OF LATE, there has been much coverage of the garden, in Dublin, of the plantswoman and writer Helen Dillon. Helen and her husband, Val, have spent most of their married life in the same Georgian house, but it is time to downsize.
Helen describes her garden as a picture that she has been playing with for the past 44 years; and that picture is well chronicled. The most dramatic change was the replacement of the central block of lawn with paving surrounding a rectangular pond. Even without such an engineered adjustment, gardens evolve, and that is a source of pleasure as well as loss. They are a living lesson in impermanence. When a tree is toppled in a storm, or a shrub succumbs to disease, the gardener must grieve and move on.
This fluidity poses a challenge when restoring a historic garden. Next week, I start a new job as head gardener of the walled garden at Croxteth Hall, Liverpool, with a remit to restore it to its Victorian heyday.
The estate was home to the Earls of Sefton. The 7th Earl died in 1972 without an heir, and bequeathed it to the people of Merseyside. The surviving walled garden dates from about 1850, and in the second half of the 19th century the head gardener was assisted by about 30 trained and apprentice gardeners.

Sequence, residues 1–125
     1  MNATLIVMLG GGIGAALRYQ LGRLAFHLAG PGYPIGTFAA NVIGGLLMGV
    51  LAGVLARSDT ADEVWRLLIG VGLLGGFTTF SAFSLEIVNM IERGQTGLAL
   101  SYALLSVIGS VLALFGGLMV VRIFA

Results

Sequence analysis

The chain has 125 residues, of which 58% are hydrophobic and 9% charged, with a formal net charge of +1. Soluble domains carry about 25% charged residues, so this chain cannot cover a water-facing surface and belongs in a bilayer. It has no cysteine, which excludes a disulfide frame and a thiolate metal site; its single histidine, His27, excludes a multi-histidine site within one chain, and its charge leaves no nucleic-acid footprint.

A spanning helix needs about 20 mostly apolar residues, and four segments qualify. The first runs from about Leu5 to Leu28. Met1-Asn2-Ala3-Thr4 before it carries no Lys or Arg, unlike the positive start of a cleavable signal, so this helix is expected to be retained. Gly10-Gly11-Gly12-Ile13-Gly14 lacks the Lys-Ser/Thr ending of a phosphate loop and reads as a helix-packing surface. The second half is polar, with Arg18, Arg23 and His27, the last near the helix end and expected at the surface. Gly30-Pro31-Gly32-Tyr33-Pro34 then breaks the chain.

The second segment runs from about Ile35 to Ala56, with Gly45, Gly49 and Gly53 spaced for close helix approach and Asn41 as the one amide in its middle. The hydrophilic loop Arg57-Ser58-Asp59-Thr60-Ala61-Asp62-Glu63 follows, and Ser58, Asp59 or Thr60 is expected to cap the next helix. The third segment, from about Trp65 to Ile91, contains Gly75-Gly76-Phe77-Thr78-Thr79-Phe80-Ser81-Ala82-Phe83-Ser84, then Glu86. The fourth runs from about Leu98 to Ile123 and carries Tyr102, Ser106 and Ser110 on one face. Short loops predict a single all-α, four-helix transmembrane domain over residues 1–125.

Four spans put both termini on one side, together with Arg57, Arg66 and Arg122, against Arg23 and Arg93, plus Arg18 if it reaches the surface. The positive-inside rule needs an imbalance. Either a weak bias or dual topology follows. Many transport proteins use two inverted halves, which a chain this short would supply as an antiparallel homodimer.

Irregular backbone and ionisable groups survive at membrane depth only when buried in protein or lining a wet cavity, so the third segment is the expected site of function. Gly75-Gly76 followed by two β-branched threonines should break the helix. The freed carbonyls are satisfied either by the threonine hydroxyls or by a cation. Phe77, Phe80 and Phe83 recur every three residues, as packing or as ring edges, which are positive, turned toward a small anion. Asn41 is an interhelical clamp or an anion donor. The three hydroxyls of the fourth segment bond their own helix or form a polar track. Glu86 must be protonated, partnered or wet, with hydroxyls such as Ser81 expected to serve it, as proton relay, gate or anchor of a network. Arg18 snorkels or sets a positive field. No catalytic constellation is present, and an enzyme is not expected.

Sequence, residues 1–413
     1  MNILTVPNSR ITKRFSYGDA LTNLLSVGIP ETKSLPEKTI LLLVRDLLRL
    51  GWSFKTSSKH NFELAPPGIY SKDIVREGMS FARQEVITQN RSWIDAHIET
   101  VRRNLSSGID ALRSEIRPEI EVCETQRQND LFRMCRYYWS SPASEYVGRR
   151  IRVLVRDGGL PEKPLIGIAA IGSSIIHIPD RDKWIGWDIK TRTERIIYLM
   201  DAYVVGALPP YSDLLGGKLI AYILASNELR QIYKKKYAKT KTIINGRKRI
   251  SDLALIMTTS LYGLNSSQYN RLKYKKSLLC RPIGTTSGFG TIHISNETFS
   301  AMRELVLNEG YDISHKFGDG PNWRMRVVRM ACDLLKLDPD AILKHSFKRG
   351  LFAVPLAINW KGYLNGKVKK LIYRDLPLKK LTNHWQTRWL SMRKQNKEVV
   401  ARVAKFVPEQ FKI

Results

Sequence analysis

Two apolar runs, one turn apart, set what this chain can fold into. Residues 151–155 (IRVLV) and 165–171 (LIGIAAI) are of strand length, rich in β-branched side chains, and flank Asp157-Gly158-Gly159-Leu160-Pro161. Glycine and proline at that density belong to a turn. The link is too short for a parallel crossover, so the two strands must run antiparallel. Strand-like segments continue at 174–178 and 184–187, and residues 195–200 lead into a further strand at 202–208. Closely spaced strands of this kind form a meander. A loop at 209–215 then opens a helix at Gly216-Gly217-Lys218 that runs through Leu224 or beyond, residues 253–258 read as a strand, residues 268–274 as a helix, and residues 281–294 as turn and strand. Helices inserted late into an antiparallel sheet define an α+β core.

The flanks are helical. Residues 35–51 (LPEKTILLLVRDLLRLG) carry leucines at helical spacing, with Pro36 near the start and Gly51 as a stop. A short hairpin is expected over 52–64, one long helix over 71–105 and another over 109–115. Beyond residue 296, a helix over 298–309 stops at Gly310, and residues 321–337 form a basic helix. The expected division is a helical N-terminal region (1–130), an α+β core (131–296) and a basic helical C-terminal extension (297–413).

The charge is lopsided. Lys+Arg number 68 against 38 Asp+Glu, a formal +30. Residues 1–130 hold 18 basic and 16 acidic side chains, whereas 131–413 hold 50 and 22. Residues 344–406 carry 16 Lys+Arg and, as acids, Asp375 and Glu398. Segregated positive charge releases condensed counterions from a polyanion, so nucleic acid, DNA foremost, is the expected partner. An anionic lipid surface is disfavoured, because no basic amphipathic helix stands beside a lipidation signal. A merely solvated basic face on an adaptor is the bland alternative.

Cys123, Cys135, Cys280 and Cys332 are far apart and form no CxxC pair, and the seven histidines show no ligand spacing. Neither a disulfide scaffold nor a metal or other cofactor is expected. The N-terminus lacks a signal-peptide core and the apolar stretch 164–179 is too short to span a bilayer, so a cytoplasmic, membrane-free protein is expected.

The Gardeners’ Chronicle of 1891 states that in “the kitchen garden department (ably managed by Mr Barham) there are 24 houses, including 6 vineries, a pine stove, pine pit, melon house, cucumber house, cherry and plum houses, 2 stoves and several houses filled with flowers”.
The walled garden’s purpose would have been mainly productive, but records suggest that its proximity to the Hall also demanded a strong ornamental element, akin to a French kitchen garden. It is easy to imagine the successive earls’ families and guests enjoying an evening promenade, but the focus of their admiration will have shifted considerably as horticultural fashions changed.
The English Flower Garden, by William Robinson, was published in 1883, and, in chapter two, Robinson dismisses high-maintenance bedding-plants in favour of “flowers hardy in our clime”. The new informality he prescribed led to the classic herbaceous border, essential to Edwardian gardens, and the concept of the seemingly contradictory “wild garden”.
At Croxteth, it is futile to attempt to identify one point in time to return to. The walled garden can never be a time capsule. It has many stakeholders with different priorities, and it has to serve the local community, and Myerscough College, which is partly based there.
For all my garden-history homework, the walled garden at Croxteth, while rooted in the Victorian city of Liverpool, has a life of its own, with all the uncertainties that brings. The best we can do is animate the story of its past with plants that supplement the many important survivors with a wealth of new sap.
If you live in the north-west, and would like to volunteer in the walled garden at Croxteth Hall, please tweet @hortijamie.